Honda Deaths: We Mourn The Loss of the Fit, Civic Coupe, and Accord M/T

While we love all of the car brands here at MotorBiscuit, it’s safe to say that we’re pretty big Honda fans. So it’s a bit of a shock hearing the news that the Honda Fit will no longer be produced after the 2020 model year. It had an excellent run, and we’ve always felt like it was the leader of the subcompact class, not that we have been biased. But alas, it’s going the way of the CR-Z. And speaking of two-door Hondas, there are other product updates to report as well.

The Honda Civic Coupe is getting the ax as well

Just when we didn’t think it could get any worse, the Honda Civic Coupe body style will no longer be offered as well. The Civic coupe was first introduced for the 1993 model year, way back when the Civic was in its fifth generation. The Civic coupe provided a much sportier-looking alternative to the sedan and hatchback body styles at the time, and its popularity gained momentum throughout the years. So much so, that when Honda released the new Civic Si during the sixth-generation model, it was solely offered in the coupe body style before going back to the hatchback format in 2002.

As the years went on, the Honda Civic coupe soldiered on, even outlasting the hatchback body style through the nameplate’s eighth and ninth generations. Currently, the Civic coupe is offered in all of the normal trim levels where a 2.0-liter naturally aspirated engine and a more-potent turbo 1.5-liter engine can be found under the hood. However, the race-inspired Si trim level is also still available in the two-door variation. But after the 2020 model year, only the Civic sedan and hatchback models will exist.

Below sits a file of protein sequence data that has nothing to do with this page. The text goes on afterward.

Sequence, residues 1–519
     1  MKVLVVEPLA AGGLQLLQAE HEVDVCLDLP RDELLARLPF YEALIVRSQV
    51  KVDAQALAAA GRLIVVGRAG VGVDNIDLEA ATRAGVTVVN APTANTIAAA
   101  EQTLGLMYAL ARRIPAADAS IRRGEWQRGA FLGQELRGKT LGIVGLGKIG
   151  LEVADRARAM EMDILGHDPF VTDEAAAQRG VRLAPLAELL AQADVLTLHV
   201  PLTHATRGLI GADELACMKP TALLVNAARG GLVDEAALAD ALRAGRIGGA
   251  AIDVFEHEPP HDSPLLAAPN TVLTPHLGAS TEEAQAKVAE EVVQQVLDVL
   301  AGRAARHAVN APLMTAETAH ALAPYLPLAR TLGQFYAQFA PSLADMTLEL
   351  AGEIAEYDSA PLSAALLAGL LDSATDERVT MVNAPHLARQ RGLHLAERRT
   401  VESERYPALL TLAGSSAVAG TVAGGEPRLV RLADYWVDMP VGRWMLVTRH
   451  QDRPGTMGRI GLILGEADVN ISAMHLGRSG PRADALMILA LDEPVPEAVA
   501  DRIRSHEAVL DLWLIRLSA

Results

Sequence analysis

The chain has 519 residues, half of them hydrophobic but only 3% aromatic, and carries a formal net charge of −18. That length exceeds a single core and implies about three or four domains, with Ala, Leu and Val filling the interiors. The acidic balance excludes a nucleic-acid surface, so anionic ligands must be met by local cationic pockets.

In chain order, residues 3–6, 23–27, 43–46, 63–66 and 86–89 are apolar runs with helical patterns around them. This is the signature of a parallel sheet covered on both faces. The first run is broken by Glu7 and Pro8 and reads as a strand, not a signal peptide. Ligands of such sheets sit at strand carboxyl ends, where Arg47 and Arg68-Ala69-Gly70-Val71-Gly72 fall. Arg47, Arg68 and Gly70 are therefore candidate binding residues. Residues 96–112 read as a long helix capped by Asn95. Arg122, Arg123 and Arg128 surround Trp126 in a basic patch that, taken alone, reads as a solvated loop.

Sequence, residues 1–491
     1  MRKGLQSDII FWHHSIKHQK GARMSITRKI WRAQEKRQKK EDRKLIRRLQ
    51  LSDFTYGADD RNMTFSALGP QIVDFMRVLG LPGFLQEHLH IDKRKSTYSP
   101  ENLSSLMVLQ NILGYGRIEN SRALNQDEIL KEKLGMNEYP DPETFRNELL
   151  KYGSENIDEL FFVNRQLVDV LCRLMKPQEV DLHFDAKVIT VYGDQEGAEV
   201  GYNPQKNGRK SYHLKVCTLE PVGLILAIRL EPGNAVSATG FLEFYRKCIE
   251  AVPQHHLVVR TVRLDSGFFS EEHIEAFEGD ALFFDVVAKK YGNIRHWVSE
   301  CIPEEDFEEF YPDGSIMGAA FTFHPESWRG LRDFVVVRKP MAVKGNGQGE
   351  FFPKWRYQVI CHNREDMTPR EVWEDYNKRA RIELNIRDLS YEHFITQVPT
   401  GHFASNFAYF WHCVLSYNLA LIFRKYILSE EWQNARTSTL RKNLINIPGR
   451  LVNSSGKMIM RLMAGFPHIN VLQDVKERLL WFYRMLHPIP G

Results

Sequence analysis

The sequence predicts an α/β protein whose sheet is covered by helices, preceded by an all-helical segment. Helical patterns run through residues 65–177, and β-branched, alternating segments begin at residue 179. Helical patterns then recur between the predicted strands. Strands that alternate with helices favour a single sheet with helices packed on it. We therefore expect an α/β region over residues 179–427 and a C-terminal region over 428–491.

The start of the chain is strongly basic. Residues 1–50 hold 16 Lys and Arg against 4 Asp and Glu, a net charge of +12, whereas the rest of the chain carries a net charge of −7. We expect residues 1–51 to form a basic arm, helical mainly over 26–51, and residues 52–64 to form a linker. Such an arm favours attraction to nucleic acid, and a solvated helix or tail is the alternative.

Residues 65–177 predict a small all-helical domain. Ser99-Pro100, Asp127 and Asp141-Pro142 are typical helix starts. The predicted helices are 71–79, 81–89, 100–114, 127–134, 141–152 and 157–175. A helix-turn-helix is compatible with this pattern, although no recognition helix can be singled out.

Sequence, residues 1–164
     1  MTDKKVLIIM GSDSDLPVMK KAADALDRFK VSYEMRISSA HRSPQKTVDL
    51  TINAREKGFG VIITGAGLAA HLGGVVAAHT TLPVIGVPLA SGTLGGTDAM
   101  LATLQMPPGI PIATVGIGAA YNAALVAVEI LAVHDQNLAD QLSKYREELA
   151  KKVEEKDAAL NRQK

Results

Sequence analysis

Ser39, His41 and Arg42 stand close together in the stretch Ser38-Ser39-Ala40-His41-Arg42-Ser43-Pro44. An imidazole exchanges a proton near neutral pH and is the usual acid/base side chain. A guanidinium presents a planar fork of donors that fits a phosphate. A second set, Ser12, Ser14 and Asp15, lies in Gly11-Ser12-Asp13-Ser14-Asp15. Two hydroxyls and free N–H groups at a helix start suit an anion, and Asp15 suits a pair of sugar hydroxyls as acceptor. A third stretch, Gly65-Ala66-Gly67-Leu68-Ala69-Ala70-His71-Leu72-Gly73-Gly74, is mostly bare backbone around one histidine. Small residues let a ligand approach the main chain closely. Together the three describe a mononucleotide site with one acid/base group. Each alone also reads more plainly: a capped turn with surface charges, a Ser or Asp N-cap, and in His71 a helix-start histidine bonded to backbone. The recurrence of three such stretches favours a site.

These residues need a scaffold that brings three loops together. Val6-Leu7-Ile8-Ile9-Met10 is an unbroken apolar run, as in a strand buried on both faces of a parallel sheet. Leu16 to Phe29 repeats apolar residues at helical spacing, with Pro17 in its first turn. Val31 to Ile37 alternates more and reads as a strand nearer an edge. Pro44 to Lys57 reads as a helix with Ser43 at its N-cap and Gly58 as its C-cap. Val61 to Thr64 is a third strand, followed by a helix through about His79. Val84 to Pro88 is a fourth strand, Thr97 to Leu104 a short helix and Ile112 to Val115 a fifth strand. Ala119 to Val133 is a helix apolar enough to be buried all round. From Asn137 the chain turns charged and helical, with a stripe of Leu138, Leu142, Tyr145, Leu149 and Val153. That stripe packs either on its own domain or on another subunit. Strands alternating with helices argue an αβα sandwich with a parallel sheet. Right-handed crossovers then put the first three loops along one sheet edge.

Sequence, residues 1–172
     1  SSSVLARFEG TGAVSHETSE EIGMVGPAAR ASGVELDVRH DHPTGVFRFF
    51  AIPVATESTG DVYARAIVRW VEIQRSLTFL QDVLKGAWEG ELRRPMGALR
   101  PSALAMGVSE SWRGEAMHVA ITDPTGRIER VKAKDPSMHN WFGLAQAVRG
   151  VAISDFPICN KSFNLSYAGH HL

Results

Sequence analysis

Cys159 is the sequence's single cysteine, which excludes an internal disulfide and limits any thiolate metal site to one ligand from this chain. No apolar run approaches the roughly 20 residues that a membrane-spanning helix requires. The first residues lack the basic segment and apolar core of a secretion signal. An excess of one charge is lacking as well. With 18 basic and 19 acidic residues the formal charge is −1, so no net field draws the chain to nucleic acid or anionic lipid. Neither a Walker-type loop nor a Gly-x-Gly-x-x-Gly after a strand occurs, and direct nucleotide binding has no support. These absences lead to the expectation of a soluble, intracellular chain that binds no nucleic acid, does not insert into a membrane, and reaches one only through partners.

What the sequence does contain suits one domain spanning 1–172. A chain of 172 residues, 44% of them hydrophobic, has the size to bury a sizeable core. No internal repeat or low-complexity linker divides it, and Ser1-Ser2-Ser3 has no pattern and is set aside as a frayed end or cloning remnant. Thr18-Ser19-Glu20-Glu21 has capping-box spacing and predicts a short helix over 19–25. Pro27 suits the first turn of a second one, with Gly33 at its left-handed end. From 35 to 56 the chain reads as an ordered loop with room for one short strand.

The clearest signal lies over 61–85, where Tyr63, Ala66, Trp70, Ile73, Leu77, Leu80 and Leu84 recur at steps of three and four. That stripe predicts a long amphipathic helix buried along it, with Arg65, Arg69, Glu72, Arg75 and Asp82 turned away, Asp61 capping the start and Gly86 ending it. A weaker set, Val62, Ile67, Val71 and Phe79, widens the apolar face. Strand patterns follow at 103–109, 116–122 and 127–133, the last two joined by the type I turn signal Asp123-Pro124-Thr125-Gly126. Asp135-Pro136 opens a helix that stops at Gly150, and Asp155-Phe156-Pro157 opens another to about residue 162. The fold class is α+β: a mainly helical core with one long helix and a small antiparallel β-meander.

2020 Honda Civic Si at COTA | Honda
2020 Honda Civic Si at COTA | Honda

The Honda Fit will surely be missed

The Honda Fit made its initial debut for the 2007 model year and provided not only a fuel-efficient means of transportation, but it also showed the world that you could fit a lot more than just a backpack within the confines of a subcompact car. We’ll miss it’s “magic seat” that flips and folds to accommodate the longest, widest and weirdest bits of cargo that you can shove into the car, and we can only hope that Honda might come out with something just as zippy and fun to drive in the future.

orange honda fit
2019 Honda Fit

2020 Honda Accord Sport 2.0 MT: A More Mature Civic Type R

Wait… the Honda Accord will no longer come with a manual transmission?

Some of the saddest news of all is that the 2021 Honda Accord will no longer be available with a manual transmission. We have posted a lot of stories on the latest-generation Accord and its slick-shifting, six-speed manual. We’ve always liked that it was a more mature option over buying a Honda Civic Type R, and most importantly, it was a beacon of hope in that Honda was doing what it could to save the “manuals.”

The discontinuation makes sense, though. Car and Driver reported that of the 267,567 Accords sold in 2019, only around 2500-5000 were fitted with a stick. That’s not enough for the brand to keep producing them, but it will live in our hearts and minds, as well as the used market.